Seares: Mayor Rama advises cities, towns to pull out of MCWD, form their own water districts. ‘MC-ak’? He hasn’t told them that under the law, an LGU can’t control its water district once it is formed.

MCWDFile Photo

[] Unless PD 198 is amended, role of local officials over a water district is severely limited.

[] If Cebu City or any other LGU breaks away and forms its own water district, the new entity will also be independent and autonomous

Cebu City Mayor Michael Rama has repeatedly given this advice to local governments whose residents are served by problem-plagued

Metropolitan Cebu Water District (MCWD): Get out of MCWD, form your own water district.

The idea started with Cebu City having its own. Last February 23, 2024, he said on city government radio (“Ingnang Mayor”) he wanted a city-based water district to replace MCWD, “similar to but a scaled-down version of MCWD.” By that, the City Government could “concentrate on efforts to manage water resources specific to the City.” It would “mitigate,” he said, “concerns regarding resource management and leadership.”

The idea then evolved. Last May 5, 2024, Mayor Rama “pushed for a separate water district for each LGU currently being serviced by MCWD.” Each LGU “will be better served under the setup” as its water district “can directly attend to its residents’ needs.”

This time the mayor harped on the separate complaints of LGU leaders against MCWD’s service, citing Mandaue City Mayor Jonas Cortes and Talisay City Mayor Gerald Anthony “Samsam” Gullas who had griped about “poor service and inadequate supply.”

He said the cities of Mandaue, Lapu-Lapu, and Talisay and the towns of Cordova, Consolacion, Liloan, and Compostela “can better serve their respective constituents and improve their own water systems.”

MOTIVE, OTHER THAN THE STATED REASONS: “ARON WAY LALIS” Better service is the theme in the break-up-MCWD proposal. Cebu City News and Information, the city government’s Facebook page, used “MC-ak” in its story headline, apparently inspired by the more widely known but ill-fated Sugbu-ak, the proposal to break up -- in 2005, just before the 2007 elections -- Cebu Province into three, then four separate provinces. “MC-ak” is another portmanteau, a made-up word from the combination of “MCWD” and the Cebuano-Bisaya “si-ak,” meaning to cleave or split.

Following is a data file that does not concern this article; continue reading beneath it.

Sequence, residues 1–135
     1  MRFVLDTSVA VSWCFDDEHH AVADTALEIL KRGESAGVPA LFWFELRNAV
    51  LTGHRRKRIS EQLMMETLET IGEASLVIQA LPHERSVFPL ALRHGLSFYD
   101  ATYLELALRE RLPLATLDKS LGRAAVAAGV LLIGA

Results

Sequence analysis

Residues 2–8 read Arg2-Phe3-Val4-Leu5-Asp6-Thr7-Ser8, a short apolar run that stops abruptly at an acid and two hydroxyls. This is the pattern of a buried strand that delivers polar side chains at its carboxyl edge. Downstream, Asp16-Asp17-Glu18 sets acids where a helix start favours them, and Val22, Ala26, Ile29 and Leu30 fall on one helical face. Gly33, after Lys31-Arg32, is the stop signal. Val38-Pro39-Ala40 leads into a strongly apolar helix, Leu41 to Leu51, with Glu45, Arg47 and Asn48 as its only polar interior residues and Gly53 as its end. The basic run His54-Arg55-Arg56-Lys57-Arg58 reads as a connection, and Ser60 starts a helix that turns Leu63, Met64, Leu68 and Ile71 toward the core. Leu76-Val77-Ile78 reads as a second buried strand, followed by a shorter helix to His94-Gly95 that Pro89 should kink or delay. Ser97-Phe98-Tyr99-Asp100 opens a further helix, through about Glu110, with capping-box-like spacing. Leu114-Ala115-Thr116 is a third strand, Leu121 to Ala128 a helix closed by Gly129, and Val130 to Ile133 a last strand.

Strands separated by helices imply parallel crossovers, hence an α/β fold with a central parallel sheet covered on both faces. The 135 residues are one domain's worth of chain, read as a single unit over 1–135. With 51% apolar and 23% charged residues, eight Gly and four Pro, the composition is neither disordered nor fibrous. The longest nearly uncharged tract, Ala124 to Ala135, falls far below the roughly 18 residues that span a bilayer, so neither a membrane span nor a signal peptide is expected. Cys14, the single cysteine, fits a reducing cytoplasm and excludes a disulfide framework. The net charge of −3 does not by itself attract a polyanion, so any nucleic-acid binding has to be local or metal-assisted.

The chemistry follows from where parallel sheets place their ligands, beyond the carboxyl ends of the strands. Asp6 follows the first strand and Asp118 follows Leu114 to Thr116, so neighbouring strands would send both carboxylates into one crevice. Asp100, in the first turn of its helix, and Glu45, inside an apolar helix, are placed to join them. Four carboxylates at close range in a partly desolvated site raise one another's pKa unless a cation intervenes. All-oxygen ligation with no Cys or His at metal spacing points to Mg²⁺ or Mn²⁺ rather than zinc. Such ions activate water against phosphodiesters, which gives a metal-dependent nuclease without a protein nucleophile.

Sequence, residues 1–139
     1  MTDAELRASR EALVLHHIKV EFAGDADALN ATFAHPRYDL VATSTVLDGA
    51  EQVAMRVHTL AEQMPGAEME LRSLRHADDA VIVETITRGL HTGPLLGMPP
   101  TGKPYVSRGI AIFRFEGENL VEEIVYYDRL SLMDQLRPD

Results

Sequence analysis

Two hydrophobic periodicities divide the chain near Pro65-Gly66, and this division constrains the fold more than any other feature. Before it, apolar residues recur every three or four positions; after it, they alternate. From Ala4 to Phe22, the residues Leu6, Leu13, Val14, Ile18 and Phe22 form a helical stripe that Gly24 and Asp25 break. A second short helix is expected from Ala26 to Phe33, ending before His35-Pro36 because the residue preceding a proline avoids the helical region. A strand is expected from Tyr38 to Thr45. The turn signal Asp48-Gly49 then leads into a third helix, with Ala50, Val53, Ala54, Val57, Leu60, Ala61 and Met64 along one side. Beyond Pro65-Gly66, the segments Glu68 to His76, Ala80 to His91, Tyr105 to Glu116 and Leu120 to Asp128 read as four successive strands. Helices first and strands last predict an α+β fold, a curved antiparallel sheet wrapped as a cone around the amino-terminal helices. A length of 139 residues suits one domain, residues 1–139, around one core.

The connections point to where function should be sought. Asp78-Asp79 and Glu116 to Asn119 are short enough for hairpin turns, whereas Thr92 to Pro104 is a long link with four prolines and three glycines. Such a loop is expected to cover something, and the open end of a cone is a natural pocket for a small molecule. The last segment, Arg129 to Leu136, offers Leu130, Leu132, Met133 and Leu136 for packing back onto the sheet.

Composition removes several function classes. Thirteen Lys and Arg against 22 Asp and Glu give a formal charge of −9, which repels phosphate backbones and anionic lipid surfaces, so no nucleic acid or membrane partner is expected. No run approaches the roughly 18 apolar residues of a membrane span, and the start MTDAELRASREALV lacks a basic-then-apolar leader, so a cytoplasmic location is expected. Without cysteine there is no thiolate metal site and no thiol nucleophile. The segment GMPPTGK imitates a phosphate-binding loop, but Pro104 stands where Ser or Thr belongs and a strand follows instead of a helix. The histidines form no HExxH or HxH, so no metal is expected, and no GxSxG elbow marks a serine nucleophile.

But other than to improve MCWD service, Mayor Rama disclosed an underlying motive: for the LGU to guide and control its water district’s operations, “aron way lalis,” he said.

BUT WATER UTILITIES LAW LIMITS LGU’S ROLE. If a city like Cebu City or Mandaue City or a town like Cordova or Compostela would decide to put up its own water district, it has to follow the law that applies to local water districts: namely, Presidential Decree No. 198 of May 25, 1973.

The 51-year-old law adopted “a national policy favoring local operation and control of water systems,” how they are formed, governed, and administered as water districts, with a national administration to facilitate and improve the water utilities.

In other words, while the LGU decides on creating and establishing its own water district, the local government will have nothing to do with the water district’s operations.

Under the law, the city, town, or province legislative council shall enact the resolution or ordinance for the creation or establishment of the water district, file it with the Local Water Utilities Administration, and upon such date of filing shall be deemed “duly formed and existing.” From then on, the water district is run by its board of directs, its powers are powers of the district, and its regulation by Local Water Utilities Administration.